Heath D. Shelton of Smithton, Illinois, has pleaded guilty to a single-count information charging
him with making a false statement to obtain federal disability compensation under the Federal
Employees’ Compensation Act.
According to court documents, Shelton, 36, started receiving federal disability payments in 2012
after injuring his back as a letter carrier with the United States Postal Service. In late 2019, he
began working on a part-time basis at Complete Family Chiropractic & Wellness, his fiancé’s clinic
located in Freeburg, Illinois. Shelton’s disability forms required him to disclose this side job so
that his earning potential and overall compensation could be adjusted. But, in an effort to avoid a
reduction of his benefits, Shelton failed to disclose his work at the clinic and falsely reported
that he had not worked or had any involvement in any business enterprise during the relevant time
period. As a result of his plea, Shelton will lose all disability benefits going forward.
Special Agent-in-Charge Andre Martin, Great Lakes Area Field Office, U.S. Postal Service Office of
Inspector General said, “The U.S. Postal Service paid $1.3 billion in workers’ compensation costs
in fiscal year 2020. The majority of postal employees who collect compensation benefits have
legitimate claims due to on-the-job injuries and are truly unable to perform any postal jobs.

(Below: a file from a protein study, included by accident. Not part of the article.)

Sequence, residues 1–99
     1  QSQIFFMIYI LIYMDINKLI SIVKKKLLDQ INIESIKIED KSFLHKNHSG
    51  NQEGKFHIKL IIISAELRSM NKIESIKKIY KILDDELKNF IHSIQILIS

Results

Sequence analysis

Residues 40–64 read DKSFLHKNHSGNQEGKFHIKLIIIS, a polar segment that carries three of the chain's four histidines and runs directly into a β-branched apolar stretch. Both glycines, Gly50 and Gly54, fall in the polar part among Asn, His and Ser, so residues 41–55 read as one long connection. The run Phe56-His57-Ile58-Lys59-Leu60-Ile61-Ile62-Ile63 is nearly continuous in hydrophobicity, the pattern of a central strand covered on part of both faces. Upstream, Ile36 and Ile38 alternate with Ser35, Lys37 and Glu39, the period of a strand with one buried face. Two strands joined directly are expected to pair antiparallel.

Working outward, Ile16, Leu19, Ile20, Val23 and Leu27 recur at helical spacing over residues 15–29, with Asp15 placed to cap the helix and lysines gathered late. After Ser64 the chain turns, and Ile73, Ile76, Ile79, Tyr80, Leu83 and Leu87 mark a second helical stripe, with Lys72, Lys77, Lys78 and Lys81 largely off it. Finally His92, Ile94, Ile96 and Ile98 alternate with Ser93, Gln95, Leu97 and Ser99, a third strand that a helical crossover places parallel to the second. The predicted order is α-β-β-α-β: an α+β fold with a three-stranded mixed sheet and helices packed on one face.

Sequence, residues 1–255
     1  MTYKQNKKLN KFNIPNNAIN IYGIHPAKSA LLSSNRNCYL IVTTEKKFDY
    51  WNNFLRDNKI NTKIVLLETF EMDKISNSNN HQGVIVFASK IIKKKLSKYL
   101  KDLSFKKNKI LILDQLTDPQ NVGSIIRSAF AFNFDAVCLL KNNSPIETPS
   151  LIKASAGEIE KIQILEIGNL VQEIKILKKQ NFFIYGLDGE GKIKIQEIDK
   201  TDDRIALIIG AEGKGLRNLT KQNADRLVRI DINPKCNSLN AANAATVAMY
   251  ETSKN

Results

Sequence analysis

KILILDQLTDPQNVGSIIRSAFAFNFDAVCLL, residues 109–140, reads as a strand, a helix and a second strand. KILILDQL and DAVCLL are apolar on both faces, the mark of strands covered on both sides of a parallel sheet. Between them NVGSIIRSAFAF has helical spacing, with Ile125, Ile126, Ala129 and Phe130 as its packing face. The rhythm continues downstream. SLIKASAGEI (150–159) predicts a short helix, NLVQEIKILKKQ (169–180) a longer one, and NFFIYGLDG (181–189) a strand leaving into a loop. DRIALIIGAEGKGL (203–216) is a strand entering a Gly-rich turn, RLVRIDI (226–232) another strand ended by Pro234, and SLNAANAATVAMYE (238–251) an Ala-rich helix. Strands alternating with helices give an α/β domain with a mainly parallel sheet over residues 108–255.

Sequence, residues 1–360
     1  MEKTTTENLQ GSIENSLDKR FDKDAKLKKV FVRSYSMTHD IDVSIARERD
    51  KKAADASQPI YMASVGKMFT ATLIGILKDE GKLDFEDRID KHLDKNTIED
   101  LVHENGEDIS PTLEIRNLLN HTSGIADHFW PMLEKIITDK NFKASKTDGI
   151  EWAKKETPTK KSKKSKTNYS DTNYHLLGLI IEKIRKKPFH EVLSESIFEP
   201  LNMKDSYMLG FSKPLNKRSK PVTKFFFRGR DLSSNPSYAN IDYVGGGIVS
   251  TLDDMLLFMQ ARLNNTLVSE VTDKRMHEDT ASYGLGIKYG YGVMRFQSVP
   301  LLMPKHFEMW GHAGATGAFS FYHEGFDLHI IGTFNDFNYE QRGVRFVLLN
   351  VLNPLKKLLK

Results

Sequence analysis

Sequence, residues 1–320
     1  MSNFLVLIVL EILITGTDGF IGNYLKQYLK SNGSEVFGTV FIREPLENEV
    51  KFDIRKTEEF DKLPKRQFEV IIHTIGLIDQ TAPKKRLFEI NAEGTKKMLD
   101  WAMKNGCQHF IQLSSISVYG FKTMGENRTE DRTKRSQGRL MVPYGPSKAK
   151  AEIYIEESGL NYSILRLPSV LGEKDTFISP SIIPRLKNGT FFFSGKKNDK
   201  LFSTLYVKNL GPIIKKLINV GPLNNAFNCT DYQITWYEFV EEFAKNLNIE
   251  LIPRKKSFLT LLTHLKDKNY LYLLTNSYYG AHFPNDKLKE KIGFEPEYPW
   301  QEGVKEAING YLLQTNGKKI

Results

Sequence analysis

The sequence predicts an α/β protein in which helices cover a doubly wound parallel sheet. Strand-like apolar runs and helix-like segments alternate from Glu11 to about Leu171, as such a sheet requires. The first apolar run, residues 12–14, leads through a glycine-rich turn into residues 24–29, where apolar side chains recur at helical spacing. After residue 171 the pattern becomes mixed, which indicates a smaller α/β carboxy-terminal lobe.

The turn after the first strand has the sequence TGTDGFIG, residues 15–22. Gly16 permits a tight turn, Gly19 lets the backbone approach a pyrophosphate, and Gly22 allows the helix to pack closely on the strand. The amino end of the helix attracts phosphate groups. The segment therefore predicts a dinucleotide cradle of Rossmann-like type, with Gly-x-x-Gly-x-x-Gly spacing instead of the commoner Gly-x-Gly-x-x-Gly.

However, a small percent abuse the system and cost the Postal Service millions of dollars in
fraudulent claims and enforcement costs. This guilty plea sends a clear message that workers’
compensation fraud is a federal crime, which carries serious consequences. The USPS OIG and the
U.S. Attorney’s Office remain committed to safeguarding the integrity of the workers’ compensation
program and ensuring the accountability and integrity of U.S. Postal Service employees.”
Sentencing will be held at the federal courthouse in East St. Louis, Illinois, on a date to be
determined. In addition to losing his disability benefits, Shelton could also receive up to a year
in prison and a fine of up to $100,000.
The investigation of this case was conducted by the United States Postal Service – Office of
Inspector General. The case is being prosecuted by Assistant U.S. Attorney Luke J. Weissler.